Gas log fireplaces, or gas logs for short, are fireplaces that use gas instead of traditional fuel such as wood for lighting the furnace. In using liquid propane or other such natural gases, gas logs are less clumsy and give the fireplace an appealing appearance. They are of two types: vented and unvented logs. Of these, vented logs, which require the chimney damper to be kept open during use, are more popular. Ventless logs don't need the chimney damper to be lifted or opened during use.
Gas logs are built in such a manner that they don't require too much care. Most of the care is required during the winter months, when the fireplace is used more often. You can determine whether the log needs cleaning when there is a reddish flame instead of the usual blue. Furthermore, because gas logs do not use traditional wood, cleaning is simpler than with standard fireplaces.
Use a brush with tender bristles to clean the logs. You can also use a feather duster. Wipe the logs lightly, in the same way you would sweep the floor or dust any other surface. Do not clean the logs until after the main heat source is switched off and the fireplace has cooled down completely. If possible, you should begin by taking units that need cleaning, such as the logs and burner outside, before brushing so you don't get dirt elsewhere in your home.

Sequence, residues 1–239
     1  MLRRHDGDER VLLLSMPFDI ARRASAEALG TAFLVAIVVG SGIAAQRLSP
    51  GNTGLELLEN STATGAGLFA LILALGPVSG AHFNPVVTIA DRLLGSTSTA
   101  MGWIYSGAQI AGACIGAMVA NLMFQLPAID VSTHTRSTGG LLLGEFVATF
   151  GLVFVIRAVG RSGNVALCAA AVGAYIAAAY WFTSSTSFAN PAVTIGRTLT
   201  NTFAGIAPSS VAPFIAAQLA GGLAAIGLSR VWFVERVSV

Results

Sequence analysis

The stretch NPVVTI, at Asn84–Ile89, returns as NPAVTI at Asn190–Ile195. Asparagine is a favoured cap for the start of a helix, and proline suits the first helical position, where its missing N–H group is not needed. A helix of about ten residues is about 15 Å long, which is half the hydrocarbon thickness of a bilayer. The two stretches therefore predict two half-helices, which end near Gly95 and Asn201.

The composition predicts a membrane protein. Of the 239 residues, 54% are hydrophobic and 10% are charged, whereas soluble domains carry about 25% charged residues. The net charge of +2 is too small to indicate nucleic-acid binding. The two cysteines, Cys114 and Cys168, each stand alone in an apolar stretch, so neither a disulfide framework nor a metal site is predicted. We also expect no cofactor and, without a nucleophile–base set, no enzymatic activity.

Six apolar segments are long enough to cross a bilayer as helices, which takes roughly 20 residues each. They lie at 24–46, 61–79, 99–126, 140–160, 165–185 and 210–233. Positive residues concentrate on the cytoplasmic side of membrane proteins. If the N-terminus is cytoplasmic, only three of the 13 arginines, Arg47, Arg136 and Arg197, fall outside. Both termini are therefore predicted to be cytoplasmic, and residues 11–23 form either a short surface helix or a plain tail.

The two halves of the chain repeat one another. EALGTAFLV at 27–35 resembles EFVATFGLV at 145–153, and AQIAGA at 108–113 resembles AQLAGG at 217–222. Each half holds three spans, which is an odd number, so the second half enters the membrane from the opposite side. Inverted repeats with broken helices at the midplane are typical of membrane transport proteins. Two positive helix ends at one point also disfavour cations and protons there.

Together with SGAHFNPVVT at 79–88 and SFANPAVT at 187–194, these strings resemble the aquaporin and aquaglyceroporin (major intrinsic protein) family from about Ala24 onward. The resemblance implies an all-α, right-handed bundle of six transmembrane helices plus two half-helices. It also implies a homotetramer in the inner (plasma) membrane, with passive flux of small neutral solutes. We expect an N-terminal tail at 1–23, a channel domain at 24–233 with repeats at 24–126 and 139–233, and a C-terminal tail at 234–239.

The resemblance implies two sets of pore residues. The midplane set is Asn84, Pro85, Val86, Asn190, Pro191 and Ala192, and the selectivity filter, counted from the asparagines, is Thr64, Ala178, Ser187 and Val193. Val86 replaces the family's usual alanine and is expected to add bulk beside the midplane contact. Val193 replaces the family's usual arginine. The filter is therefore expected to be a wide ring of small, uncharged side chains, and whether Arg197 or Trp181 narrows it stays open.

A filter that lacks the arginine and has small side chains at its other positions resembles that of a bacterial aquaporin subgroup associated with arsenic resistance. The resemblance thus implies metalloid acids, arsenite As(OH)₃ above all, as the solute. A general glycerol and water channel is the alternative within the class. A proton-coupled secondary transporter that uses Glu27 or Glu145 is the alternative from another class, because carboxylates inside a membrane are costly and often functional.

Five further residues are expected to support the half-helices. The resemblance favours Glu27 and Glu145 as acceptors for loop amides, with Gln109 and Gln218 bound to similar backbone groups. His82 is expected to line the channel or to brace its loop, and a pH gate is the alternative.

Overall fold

If you need to do a more thorough cleaning, turn the pilot light off and take the pilot nozzle out to clean it. Use a soft cloth to wipe the nozzle clean. Do not scrub it, just wipe it. After it is cleaned, before returning it, clean the heating unit by dusting it off either manually or with a vacuum cleaner. Return the pilot nozzle and clean the glass front of the fireplace using a cleaning agent–such as a mild detergent. Remember not to use any ammonia-based chemicals, as these can damage the glass. It is important not to use water, chemicals or cleaning liquids for cleaning the log. This can damage the system and cause it to stop working.